By REBECCA HAZEN
Business owners Swati Deval and Saurin Patel spoke to the City of Trenton Appeal Commission on Tuesday, July 12, to try to get their application denial to build a new liquor store overturned.
Deval and Patel want to build a liquor store on 80 Oakwood Ave., the former site of a doctor’s office. The property has remained empty for over 10 years.
Because their application was for a location in the Business-Residential district, it first had to go before the Planning Commission.
Daniel Case, Chair of the Planning Commission was at the meeting, and noted that the application was denied by a majority vote and the Commission had received a letter from the management of Auburn Ridge Apartments, located at 145 Oakwood Ave.
“They wrote a letter, begging. The management said they did not want that in the community,” Case said.
However, Deval noted that she had spoken to Auburn Ridge residents and gotten their signatures noting that they were in favor of the store being built.
“When we were speaking to the residents, they all had concerns. I live here; I drive by that place every day. This vacant lot has been a nuisance. About four years ago, cops were called because two homeless guys were living there, and they were removed. If you have an empty space, you will attract these things. We want to build a nice property there,” Deval said.
“There is no direct view from the property to Auburn Ridge, or from the property to Auburn Ridge,” Deval’s husband, Vinit Barot, added.
Deval and Barot both said that they felt like they were being treated unfairly.
“Out of the three applicants that have applied, we are the only ones that have been operating in the city in the past 15 years, and we’ve never been cited for selling to an underage minor. We live here in Dade County, and our kids go to Dade County schools. We spend our money here locally. I think there is an unfair treatment going on,” Barot said.
Broker Tad Bromfield, with Sentinel Commercial Properties, spoke on behalf of Phillip Brown, of Brown’s Tire and owner of the property, saying that they were for the liquor store on the property.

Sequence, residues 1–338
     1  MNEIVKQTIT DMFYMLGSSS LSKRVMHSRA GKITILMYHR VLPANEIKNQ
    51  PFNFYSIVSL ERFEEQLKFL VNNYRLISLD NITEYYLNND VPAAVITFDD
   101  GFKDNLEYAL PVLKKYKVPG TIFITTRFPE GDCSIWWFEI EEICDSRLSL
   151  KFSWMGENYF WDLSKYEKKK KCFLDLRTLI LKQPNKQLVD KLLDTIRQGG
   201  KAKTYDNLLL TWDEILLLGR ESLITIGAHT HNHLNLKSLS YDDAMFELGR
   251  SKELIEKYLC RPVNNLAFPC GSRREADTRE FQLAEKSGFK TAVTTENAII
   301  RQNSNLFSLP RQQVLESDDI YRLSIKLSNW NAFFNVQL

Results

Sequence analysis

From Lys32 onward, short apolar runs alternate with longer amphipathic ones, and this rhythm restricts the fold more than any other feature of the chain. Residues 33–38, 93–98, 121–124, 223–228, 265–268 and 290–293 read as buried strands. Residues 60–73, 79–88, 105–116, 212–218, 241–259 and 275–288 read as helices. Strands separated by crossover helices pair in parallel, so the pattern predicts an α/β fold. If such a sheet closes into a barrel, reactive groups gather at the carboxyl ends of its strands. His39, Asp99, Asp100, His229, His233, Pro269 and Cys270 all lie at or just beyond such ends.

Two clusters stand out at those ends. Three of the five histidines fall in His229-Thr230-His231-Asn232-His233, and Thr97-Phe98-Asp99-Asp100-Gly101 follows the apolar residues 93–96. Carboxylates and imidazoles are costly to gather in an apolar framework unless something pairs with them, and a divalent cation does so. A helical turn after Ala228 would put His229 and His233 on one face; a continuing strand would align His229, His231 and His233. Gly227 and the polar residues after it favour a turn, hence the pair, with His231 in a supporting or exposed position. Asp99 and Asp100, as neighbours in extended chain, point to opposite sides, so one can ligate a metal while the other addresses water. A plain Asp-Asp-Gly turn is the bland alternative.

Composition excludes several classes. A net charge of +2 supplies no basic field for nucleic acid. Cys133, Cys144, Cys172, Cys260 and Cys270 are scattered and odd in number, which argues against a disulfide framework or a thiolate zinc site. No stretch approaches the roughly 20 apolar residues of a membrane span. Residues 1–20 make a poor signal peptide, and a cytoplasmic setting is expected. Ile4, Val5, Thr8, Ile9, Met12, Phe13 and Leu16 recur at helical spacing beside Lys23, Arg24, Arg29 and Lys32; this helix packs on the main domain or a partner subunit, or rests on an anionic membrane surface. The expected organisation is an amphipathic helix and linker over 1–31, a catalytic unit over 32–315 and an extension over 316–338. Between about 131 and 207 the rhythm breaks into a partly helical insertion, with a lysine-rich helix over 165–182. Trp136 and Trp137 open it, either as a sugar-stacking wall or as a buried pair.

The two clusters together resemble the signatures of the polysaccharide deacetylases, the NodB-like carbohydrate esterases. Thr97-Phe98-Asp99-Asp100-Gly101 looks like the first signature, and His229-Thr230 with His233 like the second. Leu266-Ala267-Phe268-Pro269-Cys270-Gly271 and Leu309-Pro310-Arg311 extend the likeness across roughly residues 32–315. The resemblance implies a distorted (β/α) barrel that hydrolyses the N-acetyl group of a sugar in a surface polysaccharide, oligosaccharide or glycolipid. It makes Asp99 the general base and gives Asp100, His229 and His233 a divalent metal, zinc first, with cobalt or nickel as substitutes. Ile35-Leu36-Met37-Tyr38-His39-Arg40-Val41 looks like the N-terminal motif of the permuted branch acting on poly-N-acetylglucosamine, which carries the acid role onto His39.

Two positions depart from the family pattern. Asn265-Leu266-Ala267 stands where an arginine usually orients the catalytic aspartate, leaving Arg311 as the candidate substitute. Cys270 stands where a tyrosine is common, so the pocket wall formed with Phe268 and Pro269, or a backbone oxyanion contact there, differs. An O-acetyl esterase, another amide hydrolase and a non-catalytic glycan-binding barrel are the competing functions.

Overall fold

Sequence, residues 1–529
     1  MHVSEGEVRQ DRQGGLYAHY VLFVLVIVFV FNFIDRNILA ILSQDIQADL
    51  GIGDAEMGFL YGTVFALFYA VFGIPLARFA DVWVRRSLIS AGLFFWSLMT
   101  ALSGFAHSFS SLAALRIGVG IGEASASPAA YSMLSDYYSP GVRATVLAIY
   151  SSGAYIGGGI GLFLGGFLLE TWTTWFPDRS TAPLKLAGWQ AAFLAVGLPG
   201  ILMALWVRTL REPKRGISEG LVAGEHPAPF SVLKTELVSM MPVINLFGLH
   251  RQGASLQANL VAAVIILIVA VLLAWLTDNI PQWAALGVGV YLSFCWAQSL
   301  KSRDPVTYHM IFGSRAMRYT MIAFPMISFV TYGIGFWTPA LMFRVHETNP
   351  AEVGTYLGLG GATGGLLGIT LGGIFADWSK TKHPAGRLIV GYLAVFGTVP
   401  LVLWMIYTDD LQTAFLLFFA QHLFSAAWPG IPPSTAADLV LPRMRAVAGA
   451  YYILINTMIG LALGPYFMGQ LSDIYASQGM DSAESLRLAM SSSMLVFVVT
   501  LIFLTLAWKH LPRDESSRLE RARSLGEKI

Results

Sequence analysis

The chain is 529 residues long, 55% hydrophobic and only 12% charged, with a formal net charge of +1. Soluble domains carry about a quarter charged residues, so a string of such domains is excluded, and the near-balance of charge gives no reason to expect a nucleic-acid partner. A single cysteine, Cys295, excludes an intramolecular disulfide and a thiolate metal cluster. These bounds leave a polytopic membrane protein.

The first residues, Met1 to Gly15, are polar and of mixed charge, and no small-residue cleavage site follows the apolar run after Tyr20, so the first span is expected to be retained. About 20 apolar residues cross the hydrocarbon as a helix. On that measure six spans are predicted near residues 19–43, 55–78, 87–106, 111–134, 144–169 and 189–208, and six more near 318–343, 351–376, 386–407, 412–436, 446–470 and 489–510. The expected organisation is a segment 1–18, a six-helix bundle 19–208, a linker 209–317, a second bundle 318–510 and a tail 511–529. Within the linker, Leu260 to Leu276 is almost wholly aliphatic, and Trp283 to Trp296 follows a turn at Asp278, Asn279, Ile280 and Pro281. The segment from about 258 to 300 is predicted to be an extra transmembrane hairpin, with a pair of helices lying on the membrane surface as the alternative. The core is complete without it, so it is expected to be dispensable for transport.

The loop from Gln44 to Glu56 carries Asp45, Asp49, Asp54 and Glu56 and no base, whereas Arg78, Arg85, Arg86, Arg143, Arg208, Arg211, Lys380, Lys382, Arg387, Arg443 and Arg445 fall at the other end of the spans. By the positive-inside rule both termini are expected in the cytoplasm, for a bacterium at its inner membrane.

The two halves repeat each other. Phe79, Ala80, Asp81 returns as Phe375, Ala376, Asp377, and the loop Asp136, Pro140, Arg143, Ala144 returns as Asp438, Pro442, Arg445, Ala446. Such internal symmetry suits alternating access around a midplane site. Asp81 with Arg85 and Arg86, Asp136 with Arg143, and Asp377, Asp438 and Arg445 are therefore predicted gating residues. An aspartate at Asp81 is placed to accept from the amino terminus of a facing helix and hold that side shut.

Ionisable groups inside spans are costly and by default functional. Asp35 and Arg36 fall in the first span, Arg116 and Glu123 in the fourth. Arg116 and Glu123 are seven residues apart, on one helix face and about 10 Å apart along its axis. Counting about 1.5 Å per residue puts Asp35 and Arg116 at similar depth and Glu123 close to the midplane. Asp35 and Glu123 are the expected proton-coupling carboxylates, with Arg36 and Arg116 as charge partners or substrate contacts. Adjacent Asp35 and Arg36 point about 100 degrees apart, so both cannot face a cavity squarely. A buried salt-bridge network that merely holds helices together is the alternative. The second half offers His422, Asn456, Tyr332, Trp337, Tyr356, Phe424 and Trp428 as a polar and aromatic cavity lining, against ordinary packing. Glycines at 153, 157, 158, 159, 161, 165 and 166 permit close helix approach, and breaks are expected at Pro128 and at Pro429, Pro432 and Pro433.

“What they are telling you is accurate. There are vandals there. The other two sites; the one on McKaig Road has single family residents behind it, and then the other site [the former Larry’s Restaurant] has a big church in proximity. They are similar, they really are. We are for this,” Bromfield said.
Realtor Deena Brandon, who is handling the selling of the property, also agreed with Bromfield, noting that there were homes near the other proposed liquor store location on McKaig Road.
“They also gave the reason that the other permits were granted because they were in more of a commercial area. Well, behind this store would be the Dollar General. There’s O’Reilly Auto Parts, Ingles, Pizza Hut, that’s a very commercial area,” Brandon said.
“The store front is what the issue is,” Case responded. “Larry’s store front is on Hwy. 136. The one on McKaig Road does lead to a subdivision, I do understand that. The subdivision, Middleton Estates, feeds off of McKaig, but it’s not part of McKaig Road. To say that the properties are all the same, that’s not true.”
Case also noted that when the other two liquor store applications were approved, there was no opposition to those locations at the time that the decisions were made.
Both Larry Case, chairman of the Appeal Commission, and Daniel Case, noted that they recognized the fact that there was a business that used to be on that property, a doctor’s office, but they both felt that a doctor’s office, versus a liquor store, was the difference.
“We’d all love to see improvement on properties. I’m just not sure the liquor store is the answer,” Daniel Case said.
“What we need to highlight is that Mr. Case’s decision was made last time on one letter,” Saurin Patel said. “We have 17 people in favor of our site. We are building a nice wine and spirits business. Just don’t label it as a junky store and downgrade it. Give us a chance.”
Sarge Hansalia, the designer and builder of the proposed store, was in attendance, and said that it would be a $2 million store, and because of that, it would not be run-down. Hansalia noted that if the decision is a matter of where the front of the store is, the location could be adjusted to Lafayette St. instead of Oakwood Ave.
Deval and Patel already own Trenton Tobacco in the Ingles shopping plaza. Amber Marshall works at Trenton Tobacco and spoke on their behalf.
“Both of them are great business people. The business is clean, and no one is loitering. There’s not going to be a trashy parking lot. Give them a chance, and you’ll see, it would be nice,” Marshall said.
The Appeal Commission, consisting of members Chair Larry Case, Vice Chairman Steve Hendrix, and John Bradford, went into a short executive session. After coming out of executive session, the Commission members informed Deval and Patel that they want to hear the opinions from more people who would reside near the proposed store, including both Auburn Ridge Apartments and Edgewood Townhomes.
“You present a good case,” Larry Case said. “I don’t want to make the wrong decision.”
Deval, Patel, Barot, and other community members volunteered to go door to door and to get more people’s signatures in favor of the liquor store.
The Appeal Commission has 30 days from the time of the meeting to make a decision, after which Deval and Patel will be notified in person, as well as by letter.